“We are at the very beginning of a very long way, and it is not a smooth path,” says Mr. Ruttig. “There is potential conflict about every meter of that way, because it is about rights, about what a future state should look like.”

‘There should be peace forever’

To maximize their leverage, the Taliban appear to be on a diplomatic charm offensive.

“We know that ... taking the whole country by [force] will not help, because it will not bring peace in Afghanistan,” Sher Mohammad Abbas Stanikzai, the Taliban political chief, told the BBC in Moscow.

“We wanted to solve these things on the table, in a peaceful manner,” said Mr. Stanikzai. “So after the withdrawal of foreign forces, there should be no fighting among Afghans. There should be peace forever.”

Stanikzai said that after the withdrawal of US forces, “we want to be friends with you in the future. So the Americans should come back to Afghanistan and work with us in rehabilitation and reconstruction.”

But those optics are misleading, says Nader Nadery, a senior adviser to the Afghan president.

“America’s efforts for peace are very much welcomed, but we need to be mindful that, if we rush things, that will send the wrong signal to the Pakistanis and the Taliban,” he says, referring to Pakistan’s long-term, deep support for the Taliban.

“That sense of urgency we understand; we Afghans have that sense of urgency. But rushing it through is making the Taliban more arrogant, to feel that they have the upper hand and feel that the US is desperate,” says Mr. Nadery. “The outcome will not give the Afghan people and the Americans what they want: a stable country that will build on the gains that have been made in the last 17 years, at the cost of blood and treasure.”

The Taliban’s baggage

How far the Taliban’s diplomatic rhetoric affects the battlefield is hard to gauge, since it comes after a stepped-up American bombing campaign that has killed more than 30 Taliban commanders since December, according to Western and Afghan sources. In fact, the peace effort comes after US airstrikes hit a decade high in Afghanistan, with 7,362 weapons released in 2018 – more than the previous three years combined – according to the US Central Command.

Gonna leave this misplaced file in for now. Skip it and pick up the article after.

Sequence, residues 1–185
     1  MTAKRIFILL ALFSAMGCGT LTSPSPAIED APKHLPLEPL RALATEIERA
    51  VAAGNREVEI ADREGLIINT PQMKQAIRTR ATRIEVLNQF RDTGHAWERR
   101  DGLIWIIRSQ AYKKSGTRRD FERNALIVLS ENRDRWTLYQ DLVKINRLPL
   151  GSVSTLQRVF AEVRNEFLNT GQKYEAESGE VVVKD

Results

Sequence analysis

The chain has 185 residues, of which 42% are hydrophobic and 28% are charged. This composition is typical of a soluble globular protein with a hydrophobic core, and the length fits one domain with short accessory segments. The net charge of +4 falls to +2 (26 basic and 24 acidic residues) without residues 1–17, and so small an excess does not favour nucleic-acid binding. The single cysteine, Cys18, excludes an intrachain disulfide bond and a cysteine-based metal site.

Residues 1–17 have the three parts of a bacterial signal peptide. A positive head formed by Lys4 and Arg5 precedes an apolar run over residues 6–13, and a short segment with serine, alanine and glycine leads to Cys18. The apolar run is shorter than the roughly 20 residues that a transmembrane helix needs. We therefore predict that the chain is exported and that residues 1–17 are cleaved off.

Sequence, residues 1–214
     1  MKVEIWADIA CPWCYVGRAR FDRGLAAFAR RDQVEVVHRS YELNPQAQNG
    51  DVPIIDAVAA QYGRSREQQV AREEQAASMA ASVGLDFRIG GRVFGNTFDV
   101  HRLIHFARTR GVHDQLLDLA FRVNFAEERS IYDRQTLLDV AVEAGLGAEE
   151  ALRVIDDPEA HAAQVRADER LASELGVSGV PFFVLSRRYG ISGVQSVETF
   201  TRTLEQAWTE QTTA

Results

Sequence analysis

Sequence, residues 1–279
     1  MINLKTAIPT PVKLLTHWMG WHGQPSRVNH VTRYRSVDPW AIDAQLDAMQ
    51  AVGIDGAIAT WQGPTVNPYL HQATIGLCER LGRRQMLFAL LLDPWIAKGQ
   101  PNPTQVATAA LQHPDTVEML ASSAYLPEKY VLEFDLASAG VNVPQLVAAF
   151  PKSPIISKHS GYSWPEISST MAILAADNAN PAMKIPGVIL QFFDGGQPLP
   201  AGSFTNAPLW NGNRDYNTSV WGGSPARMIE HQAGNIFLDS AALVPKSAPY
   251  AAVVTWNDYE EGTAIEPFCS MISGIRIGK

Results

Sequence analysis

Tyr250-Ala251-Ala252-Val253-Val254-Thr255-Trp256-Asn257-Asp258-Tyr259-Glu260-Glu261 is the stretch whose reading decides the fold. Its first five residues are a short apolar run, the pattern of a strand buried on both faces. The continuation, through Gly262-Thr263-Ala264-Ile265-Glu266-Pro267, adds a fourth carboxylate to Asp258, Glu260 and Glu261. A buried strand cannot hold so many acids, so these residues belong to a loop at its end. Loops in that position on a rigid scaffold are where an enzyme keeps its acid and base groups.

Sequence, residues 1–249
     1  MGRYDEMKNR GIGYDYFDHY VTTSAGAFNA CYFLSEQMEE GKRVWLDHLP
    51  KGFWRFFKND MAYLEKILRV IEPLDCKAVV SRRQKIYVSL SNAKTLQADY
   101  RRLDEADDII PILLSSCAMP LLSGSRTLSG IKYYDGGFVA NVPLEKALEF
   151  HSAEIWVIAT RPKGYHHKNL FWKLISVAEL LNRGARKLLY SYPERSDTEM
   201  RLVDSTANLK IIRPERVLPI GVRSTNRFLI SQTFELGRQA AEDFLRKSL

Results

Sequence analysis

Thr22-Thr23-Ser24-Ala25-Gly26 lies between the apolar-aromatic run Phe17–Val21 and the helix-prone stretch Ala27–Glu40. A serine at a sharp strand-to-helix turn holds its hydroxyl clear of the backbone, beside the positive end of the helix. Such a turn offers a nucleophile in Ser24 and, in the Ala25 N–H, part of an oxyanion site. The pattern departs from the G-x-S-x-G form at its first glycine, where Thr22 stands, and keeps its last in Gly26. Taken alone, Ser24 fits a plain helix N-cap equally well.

At the same time, the Taliban have been preparing through the winter for a new season of fighting as if peace were not an option, says an Afghan intelligence officer of the National Directorate of Security, who asked not to be named. Replacement commanders installed by the Taliban have been among the most hardened.

“I am on the front line; I am collecting information from everywhere,” says the intelligence officer. “Every day we see [Taliban] restructuring, and new responsible people coming from Pakistan. They are distributing weapons, preparing suicide attackers, preparing car bombs.”

“If such a thing [peace] will be their next plan, why are they working on their new war strategy for the next year?” he asks. “There is also a difference between the Taliban. Some of them want peace and accept the voice of the leadership. And some of them don’t know who they are or what they are doing. They only need to be at war. Their lifestyle is like this.”

And the Taliban have another problem as they try to reenter politics. When they first took control in 1996, they were welcomed by many, despite their strict Islamist rules, for ending years of brutal fighting between mujahideen warlords.

“The Taliban today have a much harder time to convince people that they are not going to deceive Afghans by saying, ‘Oh, we are the peace-bringers in this country,’ ” says Nemat of the AREU think tank. “Because [they have] the fresh blood [on their hands] of young journalists being killed, young teachers, young students, young girls and boys, and even the elderly, with no reason.”